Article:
With the acceleration of digital, luxury brands need stronger ability to tell stories

Author:Tom 2020-12-04

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"The Covid_19 epidemic is exacerbating the polarisation of brands' performance. While some companies may be able to reach revenue in 2019 till 2021, others will take more than five years to get back to this level “says Flavio Cereda-Parini, manage director of luxury equity at Jefferies, emphasized that retail sales of personal luxury goods will decline 22% this year.


“This represents a loss of nearly €70 billion, more than three times of 2008’s figure", he added at the recent Tmall online webinar report.


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Against this global backdrop, Chinese consumers are the main drivers of the market and are expected to exert even greater purchasing power in the coming years. Forecasts show that it will contribute 46% of the global spending on high-end brand by 2020. Cereda-Parini emphasized that this is an exponential growth; in 2010 this number was only 18%, while last year it reached 37%.


A particularly noteworthy fact is that the compound annual growth rate of Chinese consumers' luxury consumption is 13%. In comparison it is only 3% at the rest of Asia, less than 2% at North America and 1% at Europe.


The purchasing power of Chinese consumers in the country has been increasing while the epidemic has severely impacted air traffic and travel filed. 38% of sales revenue was spent on luxury goods in China in 2019, rising to 85% this year.


“Chinese domestic purchases has been experiencing a gradual increase in recent years, and it was 2020 when this number reaches a peak. This should have happened in five years but now happened in just five months. So this year will be a landmark shift. 51% of European average sales last year mainly came from Asia and China visitors. Even if tourism industry recovers gradually, the proportion of sales from China will remain above 60% and we will never go back to previous stage again," said Cereda-Parini.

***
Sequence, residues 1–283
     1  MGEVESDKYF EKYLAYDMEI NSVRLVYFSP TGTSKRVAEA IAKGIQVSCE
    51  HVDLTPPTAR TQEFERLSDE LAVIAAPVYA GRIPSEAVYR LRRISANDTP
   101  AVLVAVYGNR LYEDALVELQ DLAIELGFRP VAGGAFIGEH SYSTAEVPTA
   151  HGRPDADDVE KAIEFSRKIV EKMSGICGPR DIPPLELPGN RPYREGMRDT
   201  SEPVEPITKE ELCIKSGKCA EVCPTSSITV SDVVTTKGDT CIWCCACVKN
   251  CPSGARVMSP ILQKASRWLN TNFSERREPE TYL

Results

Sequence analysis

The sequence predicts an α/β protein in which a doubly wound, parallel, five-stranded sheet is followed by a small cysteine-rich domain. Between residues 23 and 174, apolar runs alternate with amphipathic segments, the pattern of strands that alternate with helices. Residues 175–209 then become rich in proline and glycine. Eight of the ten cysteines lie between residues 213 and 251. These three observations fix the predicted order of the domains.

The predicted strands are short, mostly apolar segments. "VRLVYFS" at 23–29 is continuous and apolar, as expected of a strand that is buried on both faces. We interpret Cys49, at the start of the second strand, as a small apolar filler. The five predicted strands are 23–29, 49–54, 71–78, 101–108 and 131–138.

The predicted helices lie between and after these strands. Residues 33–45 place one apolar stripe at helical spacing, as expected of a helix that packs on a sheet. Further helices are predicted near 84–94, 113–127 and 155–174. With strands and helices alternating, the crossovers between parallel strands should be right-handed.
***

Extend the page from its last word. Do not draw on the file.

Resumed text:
"As time passes, as harder it is to close the gap," confirmed Dante D'Angelo, Valentino's chief marketing digital officer. He added: "What I've personally seen this year is not a digital acceleration, which doesn't surprise me too much. What I'm happy to see, both as an individual and as a manager, is actually the affirmation of the ‘customer centricity' concept. This year, the difference between those who just use it as a slogan and those who actually put it at the heart of their business is clear." He added emphatically: "It doesn't matter how strong you are digitally, you have to know how to talk to consumers."


For D'Angelo, telling the brand story and thinking about how to interact with consumers is the core of all Valentino's marketing activities, especially in China where staying in touch with customers and having fun is essential.


Looking back to the operations in China and strategic cooperation experience with Tamll, he praised the platform for allowing the luxury brand to add an infotainment aspect to a single market format.


"We are trying to find a different way to communicate with Chinese consumers. In addition to the importance of the market, touching the right emotional pulse was also crucial...... This is a new shopping method which is very different from the type of consumers we were used to," he recalled.


In 2018, Valentino partnered with Tmall to open a flash shop in Sanlitun, Beijing. The shop features digital tools, consumers can also access remotely via artificial intelligence. This frequent experiments enhance the brand all channel service, improve the digital service in local stores. It allowing customers to roam across floors, zoom in on product details and purchase items on display in physical shops with a simple double click. D'Angelo emphasized that the real achievement for him is not measured by sales, but by the minutes and seconds that brands succeed in engaging their customers in the experience.


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Christina Fontana, head of US and European marketing for Alibaba Group's Tmall Luxury dept., explained that the top purchase clusters on Tmall Luxury are Generation Z customers under 26, who are attracted to luxury bags and shoes and prefer co-branded products; ordinary consumers who bet on big brands, consider watches to be status symbols and are influenced by word of mouth in their social circles. The affluent prefer the new seasonal products to the brands themselves, with a particular focus on service and experience.


She reiterated: "For all these types of consumers, it is essential to tell them a story." She pointed out that platforms services allow brands to achieve this. It ranges from live streaming and short videos, to gamified experiences that enhance engagement with the younger generation, to high-end bespoke services and content published in association with local celebrities.  


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